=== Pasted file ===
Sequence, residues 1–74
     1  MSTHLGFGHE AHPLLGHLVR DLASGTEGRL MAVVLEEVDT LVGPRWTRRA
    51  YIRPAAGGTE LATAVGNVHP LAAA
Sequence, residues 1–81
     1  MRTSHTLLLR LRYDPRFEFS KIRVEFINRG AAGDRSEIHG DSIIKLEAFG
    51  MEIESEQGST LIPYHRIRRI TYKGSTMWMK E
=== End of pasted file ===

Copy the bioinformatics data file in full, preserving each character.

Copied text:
Sequence, residues 1–74
     1  MSTHLGFGHE AHPLLGHLVR DLASGTEGRL MAVVLEEVDT LVGPRWTRRA
    51  YIRPAAGGTE LATAVGNVHP LAAA
Sequence, residues 1–81
     1  MRTSHTLLLR LRYDPRFEFS KIRVEFINRG AAGDRSEIHG DSIIKLEAFG
    51  MEIESEQGST LIPYHRIRRI TYKGSTMWMK E